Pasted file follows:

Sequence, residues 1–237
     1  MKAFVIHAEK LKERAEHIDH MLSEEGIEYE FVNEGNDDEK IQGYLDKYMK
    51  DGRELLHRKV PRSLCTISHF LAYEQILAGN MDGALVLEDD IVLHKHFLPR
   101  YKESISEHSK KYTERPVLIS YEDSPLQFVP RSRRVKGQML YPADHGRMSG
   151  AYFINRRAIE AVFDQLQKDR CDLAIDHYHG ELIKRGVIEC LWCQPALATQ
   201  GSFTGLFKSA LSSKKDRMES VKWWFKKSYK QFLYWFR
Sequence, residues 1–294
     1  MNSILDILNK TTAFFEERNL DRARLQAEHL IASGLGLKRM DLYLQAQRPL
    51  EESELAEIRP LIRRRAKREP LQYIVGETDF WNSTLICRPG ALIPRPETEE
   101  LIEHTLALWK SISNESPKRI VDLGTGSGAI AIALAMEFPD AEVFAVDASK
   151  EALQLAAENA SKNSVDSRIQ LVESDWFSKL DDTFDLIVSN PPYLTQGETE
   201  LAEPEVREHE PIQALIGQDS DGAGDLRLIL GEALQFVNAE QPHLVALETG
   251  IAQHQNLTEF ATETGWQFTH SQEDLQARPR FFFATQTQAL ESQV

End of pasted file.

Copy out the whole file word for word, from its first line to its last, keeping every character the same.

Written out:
Sequence, residues 1–237
     1  MKAFVIHAEK LKERAEHIDH MLSEEGIEYE FVNEGNDDEK IQGYLDKYMK
    51  DGRELLHRKV PRSLCTISHF LAYEQILAGN MDGALVLEDD IVLHKHFLPR
   101  YKESISEHSK KYTERPVLIS YEDSPLQFVP RSRRVKGQML YPADHGRMSG
   151  AYFINRRAIE AVFDQLQKDR CDLAIDHYHG ELIKRGVIEC LWCQPALATQ
   201  GSFTGLFKSA LSSKKDRMES VKWWFKKSYK QFLYWFR
Sequence, residues 1–294
     1  MNSILDILNK TTAFFEERNL DRARLQAEHL IASGLGLKRM DLYLQAQRPL
    51  EESELAEIRP LIRRRAKREP LQYIVGETDF WNSTLICRPG ALIPRPETEE
   101  LIEHTLALWK SISNESPKRI VDLGTGSGAI AIALAMEFPD AEVFAVDASK
   151  EALQLAAENA SKNSVDSRIQ LVESDWFSKL DDTFDLIVSN PPYLTQGETE
   201  LAEPEVREHE PIQALIGQDS DGAGDLRLIL GEALQFVNAE QPHLVALETG
   251  IAQHQNLTEF ATETGWQFTH SQEDLQARPR FFFATQTQAL ESQV